By Alan Rugman, John Kirton, Julie Soloway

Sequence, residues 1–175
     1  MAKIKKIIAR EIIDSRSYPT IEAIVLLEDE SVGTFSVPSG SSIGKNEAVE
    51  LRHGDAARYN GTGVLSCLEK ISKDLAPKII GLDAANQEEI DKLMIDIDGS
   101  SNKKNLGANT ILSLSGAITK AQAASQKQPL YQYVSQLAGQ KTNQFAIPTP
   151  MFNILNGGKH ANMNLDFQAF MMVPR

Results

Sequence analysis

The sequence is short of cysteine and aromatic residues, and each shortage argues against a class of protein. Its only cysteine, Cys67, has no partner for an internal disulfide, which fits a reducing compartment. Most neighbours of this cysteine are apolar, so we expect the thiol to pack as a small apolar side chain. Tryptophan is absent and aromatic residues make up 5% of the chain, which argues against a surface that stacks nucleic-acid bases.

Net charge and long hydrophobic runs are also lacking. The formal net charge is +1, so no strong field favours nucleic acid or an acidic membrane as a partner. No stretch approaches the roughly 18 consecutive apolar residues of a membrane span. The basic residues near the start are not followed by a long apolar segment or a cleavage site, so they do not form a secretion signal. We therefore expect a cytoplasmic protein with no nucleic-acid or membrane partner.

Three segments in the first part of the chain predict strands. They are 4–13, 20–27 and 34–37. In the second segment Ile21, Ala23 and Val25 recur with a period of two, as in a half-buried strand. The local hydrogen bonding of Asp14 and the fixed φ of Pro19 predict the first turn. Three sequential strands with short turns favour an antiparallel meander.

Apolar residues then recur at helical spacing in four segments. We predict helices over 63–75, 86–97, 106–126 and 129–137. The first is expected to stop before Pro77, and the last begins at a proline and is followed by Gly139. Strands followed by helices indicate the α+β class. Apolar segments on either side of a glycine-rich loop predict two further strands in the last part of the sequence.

For many firms, the opening-up of trade barriers meant unwelcome exposure to tough international competition. In order to protect themselves, many turned to local and national environmental regulations, forming coalitions which enabled them to force out their opponents, even though they were often contravening international environmental agreements in doing so. With the recent emergence of international trade and environment regimes wielding substantial powers, however, comes the opportunity for outward-facing and innovative firms to utilize these regimes and so challenge the discriminatory obstacles which have been becoming ever more common. This adherence to environmental regulations has promoted a broad array of corporate strategies; a fact most visible in North America where firms are making use of the North American Free Trade Agreement (NAFTA). In Environmental Regulations and Corporate Strategy, the authors develop a model of complex institutional responsiveness and demonstrate how this can guide firms through this new era of opportunities for international regulatory capture. They apply the model within North America, identifying the implications for Europe and Asia. Their work is based on 300 confidential interviews with senior executives and officials in North American and European companies, national governments, and North American institutions, and analyses 24 cases of firms who have either benefited or suffered from involvement with international institutions.